Within the discipline of palaeography, the ‘morphological’ approach tries to describe the letter-shape as a whole, so a letter may be described as a ‘Caroline a’ or as an ‘insular r’. Aspects of this approach are visible in almost all palaeographical handbooks, particularly those that provide alphabets or selections of letter-forms. An example is Albert Derolez’s, Palaeography of Gothic Manuscript Books, which also provides a useful discussion of morphology as a palaeographical method.
Commonly, a morphological system of descriptors contains two main categories: One category is the grapheme or perhaps, more correctly, character: the letter as an abstract entity but with physical form, such as a, æ, or a single punctuation mark. The second category is the allograph, namely, a particular way of writing the letter; typical examples include ‘Caroline’ or ‘insular’.
A key question, given any system of descriptors, is to evaluate the relative importance of each of the components of this system. For example, it is well known among palaeographers that the grapheme a is very distinctive for late Anglo-Saxon minuscule (Ker 1957; Dumville 1988; Stokes 2005); however, subjective evaluation of distinctiveness could potentially be misleading. It is therefore quite useful to conduct a statistical analysis of significance, and potentially contribute thereby to the practice of palaeography, provided the results can be presented in a meaningful form.
In this work, we employ methods that are commonly used for mining insights from biological experiments regarding underlying genetic mechanisms. We show that in the context of palaeography such an approach also provides insightful observations.
A dataset consisting of 456 scribal handwritings in English Vernacular minuscule, ca. 990 – ca. 1035, is used (Stokes 2005). ‘Scribal handwriting’ here refers to a single stint or block of writing by one person; these samples are spread across some 198 manuscripts and range from the main text of the book to later additions and notes or glosses between the lines or in the margins.
The handwritings were described using 289 descriptors (Stokes 2007-2008), where each descriptor indicates whether a certain grapheme (or group of similar graphemes) written as specific allograph(s) appear in the manuscript, as well as forms of certain parts of letters such as ascenders, descenders, and pen-angle. Every sample of handwriting is described by its known or predicted place of writing (where possible) and the estimated range of dates of writing. For classification purposes, the dataset was divided into classes that are homogeneous in time and place.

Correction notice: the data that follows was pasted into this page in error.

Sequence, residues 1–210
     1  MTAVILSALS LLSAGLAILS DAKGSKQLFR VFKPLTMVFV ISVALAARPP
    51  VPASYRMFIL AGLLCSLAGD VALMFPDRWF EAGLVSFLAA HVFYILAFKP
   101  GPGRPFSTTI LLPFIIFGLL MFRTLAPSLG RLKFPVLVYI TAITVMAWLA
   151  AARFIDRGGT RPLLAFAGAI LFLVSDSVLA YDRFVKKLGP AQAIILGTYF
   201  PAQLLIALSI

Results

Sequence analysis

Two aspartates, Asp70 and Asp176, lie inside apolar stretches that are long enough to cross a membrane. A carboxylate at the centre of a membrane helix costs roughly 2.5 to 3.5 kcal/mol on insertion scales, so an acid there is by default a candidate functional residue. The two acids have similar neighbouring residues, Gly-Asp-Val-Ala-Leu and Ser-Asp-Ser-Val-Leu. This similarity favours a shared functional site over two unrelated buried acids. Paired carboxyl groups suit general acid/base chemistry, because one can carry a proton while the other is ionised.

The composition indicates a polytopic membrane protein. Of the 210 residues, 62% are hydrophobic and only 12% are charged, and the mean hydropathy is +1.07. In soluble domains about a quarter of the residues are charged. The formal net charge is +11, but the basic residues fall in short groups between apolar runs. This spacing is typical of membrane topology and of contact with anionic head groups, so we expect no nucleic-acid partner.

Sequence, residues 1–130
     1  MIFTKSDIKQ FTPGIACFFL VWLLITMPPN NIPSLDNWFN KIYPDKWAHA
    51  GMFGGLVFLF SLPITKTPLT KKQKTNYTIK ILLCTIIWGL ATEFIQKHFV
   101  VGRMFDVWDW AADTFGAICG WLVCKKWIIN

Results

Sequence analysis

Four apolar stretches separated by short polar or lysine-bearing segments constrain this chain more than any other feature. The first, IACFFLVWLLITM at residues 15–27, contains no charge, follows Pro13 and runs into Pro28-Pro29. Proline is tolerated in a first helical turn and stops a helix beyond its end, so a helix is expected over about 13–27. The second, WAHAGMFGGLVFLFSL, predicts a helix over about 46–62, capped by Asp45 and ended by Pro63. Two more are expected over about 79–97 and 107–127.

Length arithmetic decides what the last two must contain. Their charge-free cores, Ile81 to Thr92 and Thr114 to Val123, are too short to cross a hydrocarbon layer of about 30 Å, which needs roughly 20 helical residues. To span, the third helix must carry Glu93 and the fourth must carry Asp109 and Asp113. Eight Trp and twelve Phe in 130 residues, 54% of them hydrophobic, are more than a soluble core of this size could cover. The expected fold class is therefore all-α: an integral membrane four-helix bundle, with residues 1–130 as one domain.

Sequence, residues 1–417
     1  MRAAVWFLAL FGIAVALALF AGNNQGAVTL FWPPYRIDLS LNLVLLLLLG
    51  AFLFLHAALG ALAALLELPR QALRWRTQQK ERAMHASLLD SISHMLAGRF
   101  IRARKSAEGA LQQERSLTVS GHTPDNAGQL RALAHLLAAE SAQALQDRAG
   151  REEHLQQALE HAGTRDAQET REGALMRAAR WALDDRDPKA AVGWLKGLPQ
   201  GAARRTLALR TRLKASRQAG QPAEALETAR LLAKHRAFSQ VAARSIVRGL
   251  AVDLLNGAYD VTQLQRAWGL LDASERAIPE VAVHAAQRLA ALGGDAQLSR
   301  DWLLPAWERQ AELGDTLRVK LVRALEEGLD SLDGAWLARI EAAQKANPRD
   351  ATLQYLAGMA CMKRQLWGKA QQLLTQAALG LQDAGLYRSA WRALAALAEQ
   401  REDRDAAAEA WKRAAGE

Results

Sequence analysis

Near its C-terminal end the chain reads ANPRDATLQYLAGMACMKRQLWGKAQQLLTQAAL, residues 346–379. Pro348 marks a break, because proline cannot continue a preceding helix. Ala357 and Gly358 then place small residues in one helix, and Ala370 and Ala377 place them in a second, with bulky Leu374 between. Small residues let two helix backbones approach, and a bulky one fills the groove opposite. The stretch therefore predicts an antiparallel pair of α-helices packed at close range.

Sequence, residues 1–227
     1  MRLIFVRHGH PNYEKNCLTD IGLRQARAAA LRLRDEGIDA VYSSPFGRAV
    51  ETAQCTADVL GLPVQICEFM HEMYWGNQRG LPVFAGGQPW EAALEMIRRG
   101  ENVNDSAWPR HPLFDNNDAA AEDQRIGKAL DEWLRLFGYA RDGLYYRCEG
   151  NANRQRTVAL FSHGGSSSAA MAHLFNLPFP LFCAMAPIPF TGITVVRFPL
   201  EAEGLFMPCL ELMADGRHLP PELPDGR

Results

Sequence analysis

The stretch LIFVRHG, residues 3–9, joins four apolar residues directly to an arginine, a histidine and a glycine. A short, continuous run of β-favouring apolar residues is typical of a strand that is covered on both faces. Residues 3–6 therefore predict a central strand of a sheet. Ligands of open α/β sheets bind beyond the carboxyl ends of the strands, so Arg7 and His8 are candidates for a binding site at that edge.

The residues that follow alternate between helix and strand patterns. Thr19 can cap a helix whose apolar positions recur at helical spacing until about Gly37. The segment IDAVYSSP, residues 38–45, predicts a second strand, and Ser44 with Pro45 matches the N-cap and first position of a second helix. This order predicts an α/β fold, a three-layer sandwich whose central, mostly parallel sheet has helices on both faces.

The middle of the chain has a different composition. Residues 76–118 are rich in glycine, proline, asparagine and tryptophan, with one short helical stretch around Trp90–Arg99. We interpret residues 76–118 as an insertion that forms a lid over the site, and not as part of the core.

First, we measure for each descriptor how informative it is. This is done using the information gain method (Mitchell 1997), which is often used for feature selection in text categorization tasks. The information gain score measures the decrease in entropy when a descriptor is given vs. the baseline in which it is absent. That is, the information gain measures the discriminative power added by each single descriptor.
Measuring the power of each descriptor by itself is of limited power. That a certain descriptor is ranked high tells us very little about how informative other similar descriptors are. Using an analogy to biology, it is helpful to know which genes express differently in a specific experiment testing different classes of biological conditions. However, if we want to learn about biological functions and processes, we must go beyond the level of the specific gene by aggregating the information from multiple genes of the same family. In palaeography, the importance of a specific character, for example, cannot be reliably detected just by looking at the ranking of one of the associated descriptors, no matter how highly it is ranked.